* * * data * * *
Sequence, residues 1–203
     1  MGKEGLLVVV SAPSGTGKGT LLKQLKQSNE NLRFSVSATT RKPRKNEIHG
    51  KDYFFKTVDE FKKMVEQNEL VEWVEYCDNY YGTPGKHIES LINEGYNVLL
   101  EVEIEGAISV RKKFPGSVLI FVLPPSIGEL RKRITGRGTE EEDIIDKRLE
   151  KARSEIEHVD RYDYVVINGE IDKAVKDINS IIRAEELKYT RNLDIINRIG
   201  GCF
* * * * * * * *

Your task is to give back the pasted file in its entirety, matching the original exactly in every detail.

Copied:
Sequence, residues 1–203
     1  MGKEGLLVVV SAPSGTGKGT LLKQLKQSNE NLRFSVSATT RKPRKNEIHG
    51  KDYFFKTVDE FKKMVEQNEL VEWVEYCDNY YGTPGKHIES LINEGYNVLL
   101  EVEIEGAISV RKKFPGSVLI FVLPPSIGEL RKRITGRGTE EEDIIDKRLE
   151  KARSEIEHVD RYDYVVINGE IDKAVKDINS IIRAEELKYT RNLDIINRIG
   201  GCF